Advertiser Disclosure

CD Bonus Rates Index – July 2013

July 17, 2013
Banking, CDs
NerdWallet adheres to strict standards of editorial integrity to help you make decisions with confidence. Some of the products we feature are from partners. Here’s how we make money.
We adhere to strict standards of editorial integrity. Some of the products we feature are from our partners. Here’s how we make money.

Even as rising interest rates on U.S. Treasuries continue to hit the news, CD rates (on average) have not followed suit. Compared to last month rates are still shockingly low, having remained stagnant or even declined. A once sure-fire way to find higher CD rates was to seek promotional rates that many banks and CUs offer to attract new deposits, or push them towards certain maturities. Unfortunately , this strategy is much more difficult these days. Only very short-term CDs (less than 12 months) are outperforming the non-promotional average. However this isn’t always the case. With a bit of shopping around you can find a CD earning twice the average rate or more. Read on for some examples of great CD rates across the country.

Reference Table: What are average rates and how do they compare to average promotional rates?

Length of Term (months) Average Promo APY Average Reg. APY
3 0.32% 0.14%
6 0.46% 0.23%
12 0.34% 0.34%
18 0.39% 0.39%
24 0.45% 0.53%
30 0.57% 0.52%
36 0.71% 0.70%
48 0.82% 0.86%
60 1.01% 1.07%

Bonus CD rates that beat the average

Institution State Term APY Notes
Vermont FCU VT 5 years 1.80% Min $500
Rate is 2.10% APY when opened for a youth.
UniWyo FCU WY 37 months 1.51% Min $250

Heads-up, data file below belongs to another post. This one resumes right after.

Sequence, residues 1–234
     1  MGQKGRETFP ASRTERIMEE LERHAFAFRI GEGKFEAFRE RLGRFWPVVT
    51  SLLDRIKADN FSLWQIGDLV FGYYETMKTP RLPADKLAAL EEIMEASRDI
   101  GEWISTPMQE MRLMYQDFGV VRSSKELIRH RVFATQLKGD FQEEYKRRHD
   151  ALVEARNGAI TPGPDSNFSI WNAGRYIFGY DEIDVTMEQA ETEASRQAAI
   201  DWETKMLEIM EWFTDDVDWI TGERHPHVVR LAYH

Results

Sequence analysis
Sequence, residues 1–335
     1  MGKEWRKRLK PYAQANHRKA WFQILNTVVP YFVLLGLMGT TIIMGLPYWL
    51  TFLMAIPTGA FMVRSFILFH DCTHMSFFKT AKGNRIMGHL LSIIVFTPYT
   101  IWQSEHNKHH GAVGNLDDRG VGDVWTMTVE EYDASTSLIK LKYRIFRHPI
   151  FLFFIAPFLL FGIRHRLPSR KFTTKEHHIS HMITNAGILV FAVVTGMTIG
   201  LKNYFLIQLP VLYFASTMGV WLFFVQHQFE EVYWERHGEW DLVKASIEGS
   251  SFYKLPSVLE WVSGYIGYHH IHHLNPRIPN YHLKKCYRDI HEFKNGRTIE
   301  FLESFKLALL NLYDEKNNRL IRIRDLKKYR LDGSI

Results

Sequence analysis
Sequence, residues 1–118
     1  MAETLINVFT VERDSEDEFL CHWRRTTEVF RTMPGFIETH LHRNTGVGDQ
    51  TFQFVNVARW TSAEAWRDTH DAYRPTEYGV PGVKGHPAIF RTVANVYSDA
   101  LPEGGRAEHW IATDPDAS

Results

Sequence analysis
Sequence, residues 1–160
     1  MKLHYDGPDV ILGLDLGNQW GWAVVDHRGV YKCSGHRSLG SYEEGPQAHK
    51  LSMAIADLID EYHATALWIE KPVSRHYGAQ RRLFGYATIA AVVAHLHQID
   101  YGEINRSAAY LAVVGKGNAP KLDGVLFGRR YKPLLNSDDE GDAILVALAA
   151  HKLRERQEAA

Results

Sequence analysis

Michigan Schools & Government CU MI 26 months 1.30%  Min $500
Winchester Savings Bank  MA 20 months 1.25% Min $500
Bay Cities Bank FL 13 months 0.85%  Min $1,000

Note: Promotional rates are subject to change. Make sure to confirm CD rates with your bank or credit union.

A Refresher: Why Promotional/Special Rates Make a Difference

CD rates are historically low, and are likely to remain so for the near future. Yields are primarily a product of two forces that are out of a consumer’s control: (1) economic environment and  (2) the fact that longer-term investments will demand higher returns.

There is however, one factor that offers more flexibility for consumers: individual banks and credit unions each have their own capital strategies, which cause them to offer different promotional rates for certain CDs (in an effort to drive  balances towards the most ideal deposit products for them).   Such promotional/bonus rates can easily outperform typical accounts of a comparable term and are worth looking for to help boost returns.

Bonus button image via shutterstock